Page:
9 November 2010, Bloomberg
“The energy world is facing unprecedented uncertainty”, IEA Executive Director Nobuo Tanaka said at the launch of World Energy Outlook 2010. “The strength of the economic recovery holds the key to how energy markets will evolve over the next few years. But WEO-2010 demonstrates that it is what governments do, and how that action affects technology, the price of energy services and end-user behaviour, that will shape the future of energy in the longer term” Tanaka added
9 November 2010, Commidities Now
The study, released yesterday, estimates that global Energy consumption in 2035 will be 36% higher than in 2008. This number covers very different realities. While the energy demand will decline in the rich countries members of the Organization for Economic Co-operation and Development (OECD), in the emerging countries energy demand will increase to sustain their economic and population growth. The greatest demand will come from China which in 2009 has overtaken the US as the worlds biggest consumer of energy. In 2035 the Asian giant will overtake 22% of global demand, compared to 17% today, due to a 75% increase in consumption.
9 November 2010, Maeil Kyongjae, Korea
Oil reversed course following the release of the IEA’s long-term energy outlook, in which the Paris-based agency said oil prices might exceed $100 a barrel in 2015 and $200 in 2035. The IEA also cut its 2035 oil demand outlook by 6 million barrels per day (bpd) to 99 million bpd from its estimate a year earlier.
9 November 2010, Der Spiegel
The International Energy Agency (IEA) has reported today that worldwide subsidies to fossil fuels (coal, oil and gas) annually reached 224,000 million euros, while renewables are about 41,000 million, five times less. The Agency in its annual report on world energy analysis, calls to eliminate subsidies for fossil fuels, as agreed by the G-20 in Pittsburgh in 2009, something that the powers have not yet fulfilled.
9 November 2010, El Pais, Spain
The International Energy Agency (IEA) estimates that global primary energy demand will increase by 36% in the between 2008 an d 2035, equivalent to an annual average of 1.2 percent. In its annual report, the World Energy Outlook, the IEA estimates that energy demand will increase from 12,300 Mtoe (million tonnes of oil equivalent) to 16,700 Mtoe in 2035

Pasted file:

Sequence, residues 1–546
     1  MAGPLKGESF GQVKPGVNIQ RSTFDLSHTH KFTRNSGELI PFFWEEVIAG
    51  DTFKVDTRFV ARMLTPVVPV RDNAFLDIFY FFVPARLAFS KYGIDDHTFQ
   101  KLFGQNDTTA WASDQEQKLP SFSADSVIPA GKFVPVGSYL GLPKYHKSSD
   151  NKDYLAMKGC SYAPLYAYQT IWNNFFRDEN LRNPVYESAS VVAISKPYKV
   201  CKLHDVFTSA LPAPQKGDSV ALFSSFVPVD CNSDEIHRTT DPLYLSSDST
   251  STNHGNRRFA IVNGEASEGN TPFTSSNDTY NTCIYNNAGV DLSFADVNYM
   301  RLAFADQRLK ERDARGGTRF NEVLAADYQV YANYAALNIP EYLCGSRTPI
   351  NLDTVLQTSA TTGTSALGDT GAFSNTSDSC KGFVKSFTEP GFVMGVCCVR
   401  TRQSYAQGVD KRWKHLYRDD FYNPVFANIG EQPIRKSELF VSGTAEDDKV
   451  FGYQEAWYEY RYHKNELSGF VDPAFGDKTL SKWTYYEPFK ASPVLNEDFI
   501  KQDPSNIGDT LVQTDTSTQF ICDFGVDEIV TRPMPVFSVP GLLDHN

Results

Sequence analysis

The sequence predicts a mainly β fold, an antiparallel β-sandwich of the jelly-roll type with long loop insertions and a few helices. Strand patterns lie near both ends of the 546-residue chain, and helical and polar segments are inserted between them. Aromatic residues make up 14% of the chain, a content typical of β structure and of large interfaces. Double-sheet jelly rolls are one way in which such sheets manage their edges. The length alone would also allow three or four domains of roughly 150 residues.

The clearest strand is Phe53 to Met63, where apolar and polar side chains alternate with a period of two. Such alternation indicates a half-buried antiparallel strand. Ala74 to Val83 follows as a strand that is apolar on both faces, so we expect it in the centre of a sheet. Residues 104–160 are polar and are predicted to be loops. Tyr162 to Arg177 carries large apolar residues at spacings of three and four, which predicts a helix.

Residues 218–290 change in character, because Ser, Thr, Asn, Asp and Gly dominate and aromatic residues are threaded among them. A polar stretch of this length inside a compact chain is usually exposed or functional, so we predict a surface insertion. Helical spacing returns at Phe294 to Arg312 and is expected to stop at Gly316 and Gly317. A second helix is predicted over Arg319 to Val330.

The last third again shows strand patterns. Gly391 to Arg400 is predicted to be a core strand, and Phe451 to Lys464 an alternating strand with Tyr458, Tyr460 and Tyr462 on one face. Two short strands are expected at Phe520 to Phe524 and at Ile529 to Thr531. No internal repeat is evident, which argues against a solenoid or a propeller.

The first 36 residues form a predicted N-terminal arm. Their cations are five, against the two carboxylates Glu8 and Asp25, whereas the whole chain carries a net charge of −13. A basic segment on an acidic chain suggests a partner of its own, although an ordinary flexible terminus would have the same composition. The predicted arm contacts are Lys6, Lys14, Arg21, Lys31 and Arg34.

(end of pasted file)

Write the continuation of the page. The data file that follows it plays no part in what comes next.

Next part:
9 November 2010, ABC, Spain
China’s push for rapid economic development will dominate global energy markets over the next quarter-century, the IEA reported in its World Energy Outlook 2010. | “China’s decisions on energy will affect every person in the world,” IEA Chief Economist Fatih Birol said. “We project them to be the world leaders, producing new capacity in wind, solar, nuclear and advanced coal.”
9 November 2010, The Economic Times, India
The International Energy Agency expects a re-shuffling of roles among the main global oil producers. According to the Agency’s experts, OPEC will take its revenge; its share of oil supply will increase from 41% to 52% in 2035 thanks to growing production in Saudi Arabia and Iraq. The oil cartel hasn’t seen such a market share since the times of the first oil shock in 1973-1974. Saudi Arabia overtakes Russia as the world’s largest oil producer.
9 November 2010, La Tribune, France
The IEA Chief Economist, Fatih Birol, presented for the first time the Agency’s estimates of worldwide fossil fuel subsidies: they reached $312 billion in 2009, mainly in developing countries, compared with total subsidy of $57 billion for renewables. According to Mr Birol, China will lead the development of renewable energy technologies, contributing to the 20% cost reduction of these technologies, in the period to 2035.
9 November 2010, Kathimerini, Greece
The International Energy Agency’s World Energy Outlook shows that the gas surplus will last for another 10 years. Global gas demand will reach 4.5 tcm in 2035 from a level of 3.2 tcm in 2008. Chinese energy demand will incease by 75% from 2008 to 2035, or 36% of the global incremental growth.
9 November 2010, Le Figaro, France
“Renewables in Spain have a difficult task in the future’’, IEA Chief Economist Fatih Birol said today in Madrid, presenting the latest World Energy Outlook. In Spain, the percentage representing electricity generation will fall from 19% now to 32% in 2035, but it is only possible if the incentives are maintained, which can amount to 200 billion dollars in 2035. The question is whether these subsidies can be maintained in a context of crisis, so we must proceed with caution. One example is what happened in Spain where it is necessary to contain these costs. However, you can not completely remove incentives”, he added.